After the creation of the state, the regime started persecuting the Romanis, which it described as "Gypsies", initially focusing on travelling communities that had no permanent residence.
Already in 1939 the regime denied citizenship to such Romani people. From January 1940 the Romani could not be members of armed forces and instead had to complete their military service in labour units. Later, regulations defined "Gypsy" as anyone who has two Gypsy parents, lives a nomadic lifestyle or avoids proper work. In 1941 the authorities abolished travel documents of the Romani population and forced them to return to their "home villages". New regulations allowed Romani wagons to be confiscated and burned. Many Romani groups involuntarily "settled" on the outskirts of cities and villages.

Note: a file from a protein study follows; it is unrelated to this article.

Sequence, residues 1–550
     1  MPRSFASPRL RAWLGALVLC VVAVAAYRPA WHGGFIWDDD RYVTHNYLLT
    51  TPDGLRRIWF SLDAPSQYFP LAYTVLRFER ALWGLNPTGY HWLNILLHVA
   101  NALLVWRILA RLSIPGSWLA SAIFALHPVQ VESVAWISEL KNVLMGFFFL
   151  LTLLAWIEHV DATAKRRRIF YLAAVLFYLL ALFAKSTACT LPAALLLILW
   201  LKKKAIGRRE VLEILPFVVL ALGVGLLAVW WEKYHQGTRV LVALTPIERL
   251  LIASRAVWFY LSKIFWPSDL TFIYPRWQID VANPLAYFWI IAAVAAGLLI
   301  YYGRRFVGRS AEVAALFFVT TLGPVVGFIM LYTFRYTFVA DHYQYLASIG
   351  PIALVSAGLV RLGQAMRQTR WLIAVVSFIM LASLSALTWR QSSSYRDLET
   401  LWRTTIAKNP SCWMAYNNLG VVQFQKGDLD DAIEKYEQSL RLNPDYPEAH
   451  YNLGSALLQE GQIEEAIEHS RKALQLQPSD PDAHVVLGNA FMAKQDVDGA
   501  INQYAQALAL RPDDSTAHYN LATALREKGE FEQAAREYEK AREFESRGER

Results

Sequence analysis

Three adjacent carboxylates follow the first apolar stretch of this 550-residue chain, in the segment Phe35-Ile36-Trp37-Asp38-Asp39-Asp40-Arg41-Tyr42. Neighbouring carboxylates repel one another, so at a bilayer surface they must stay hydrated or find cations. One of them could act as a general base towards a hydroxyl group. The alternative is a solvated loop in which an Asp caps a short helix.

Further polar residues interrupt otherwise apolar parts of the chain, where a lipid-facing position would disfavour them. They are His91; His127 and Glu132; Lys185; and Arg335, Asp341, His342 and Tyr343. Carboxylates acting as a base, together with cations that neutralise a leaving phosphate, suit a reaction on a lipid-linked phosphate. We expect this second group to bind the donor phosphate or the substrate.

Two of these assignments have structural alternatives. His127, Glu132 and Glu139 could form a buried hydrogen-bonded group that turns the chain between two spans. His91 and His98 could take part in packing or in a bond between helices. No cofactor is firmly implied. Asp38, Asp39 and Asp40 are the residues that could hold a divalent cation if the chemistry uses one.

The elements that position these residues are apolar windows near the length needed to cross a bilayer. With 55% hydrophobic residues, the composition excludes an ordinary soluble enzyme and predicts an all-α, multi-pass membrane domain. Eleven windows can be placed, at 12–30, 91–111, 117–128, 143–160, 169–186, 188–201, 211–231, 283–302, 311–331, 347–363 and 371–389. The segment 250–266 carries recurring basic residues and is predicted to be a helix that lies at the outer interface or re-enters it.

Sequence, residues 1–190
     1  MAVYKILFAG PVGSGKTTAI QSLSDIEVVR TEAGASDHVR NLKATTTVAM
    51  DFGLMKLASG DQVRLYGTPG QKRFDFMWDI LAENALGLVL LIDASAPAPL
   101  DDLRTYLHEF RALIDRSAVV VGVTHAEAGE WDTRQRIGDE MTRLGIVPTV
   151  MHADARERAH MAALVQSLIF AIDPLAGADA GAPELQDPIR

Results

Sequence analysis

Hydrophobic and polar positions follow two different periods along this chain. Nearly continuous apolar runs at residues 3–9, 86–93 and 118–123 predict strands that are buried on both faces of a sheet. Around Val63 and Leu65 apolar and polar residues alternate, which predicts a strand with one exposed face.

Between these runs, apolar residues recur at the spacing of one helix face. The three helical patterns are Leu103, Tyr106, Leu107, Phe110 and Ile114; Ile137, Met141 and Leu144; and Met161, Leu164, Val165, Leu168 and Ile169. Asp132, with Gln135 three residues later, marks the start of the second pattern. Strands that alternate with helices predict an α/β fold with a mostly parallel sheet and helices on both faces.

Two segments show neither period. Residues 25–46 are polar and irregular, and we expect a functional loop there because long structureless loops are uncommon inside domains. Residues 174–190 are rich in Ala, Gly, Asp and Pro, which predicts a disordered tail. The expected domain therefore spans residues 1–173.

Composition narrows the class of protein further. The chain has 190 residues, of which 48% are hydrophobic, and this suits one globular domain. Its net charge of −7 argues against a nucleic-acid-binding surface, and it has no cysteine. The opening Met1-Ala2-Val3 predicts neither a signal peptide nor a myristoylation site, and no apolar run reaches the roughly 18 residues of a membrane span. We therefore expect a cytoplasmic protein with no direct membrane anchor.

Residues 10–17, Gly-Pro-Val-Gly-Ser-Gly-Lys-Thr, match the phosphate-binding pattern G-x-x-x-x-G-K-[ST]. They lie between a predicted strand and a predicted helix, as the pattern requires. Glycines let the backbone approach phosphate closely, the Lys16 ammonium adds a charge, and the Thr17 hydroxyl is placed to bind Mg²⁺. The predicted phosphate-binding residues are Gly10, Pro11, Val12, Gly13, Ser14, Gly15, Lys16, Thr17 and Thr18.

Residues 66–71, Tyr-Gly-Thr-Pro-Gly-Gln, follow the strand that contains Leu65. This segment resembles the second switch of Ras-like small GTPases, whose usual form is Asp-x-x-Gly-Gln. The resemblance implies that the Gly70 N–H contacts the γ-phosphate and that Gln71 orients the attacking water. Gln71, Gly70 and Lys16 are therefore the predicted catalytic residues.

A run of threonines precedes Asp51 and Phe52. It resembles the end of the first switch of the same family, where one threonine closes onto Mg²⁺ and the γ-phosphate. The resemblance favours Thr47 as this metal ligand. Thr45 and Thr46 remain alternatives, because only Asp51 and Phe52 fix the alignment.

After 1941, labour units for "asocial" individuals were created and "Gypsies without employment" were forcibly included.
These units were initially temporary or seasonal, but from 1942 they were established as permanent. They were mostly created in Eastern Slovakia in towns such as Hanušovce nad Topľou, Bystré nad Topľou and Nižný Hrabovec. The Romani men made up roughly half of the 3000 prisoners. Further labour units were created in Dubnica nad Váhom, Ilava, Revúca and Ústie nad Oravou. Regardless of location, these units were ruled harshly.
In the autumn of 1944, The Ministry of Defence established an Internment Camp for Gypsies in Dubnica, where whole Romani families were imprisoned. When an epidemic of typhus broke out in the camp in the winter of 1944/45 because of the appalling hygienic conditions, the sick were massacred by German soldiers.
From September 1944, the mass murder of the Romani population also spread to other parts of Slovakia. In September, Romanis in Kvetnica were murdered, then Romanis in Tisovec, Čierny Balog, Kremnička, Nemecká, Zvolen and many other places.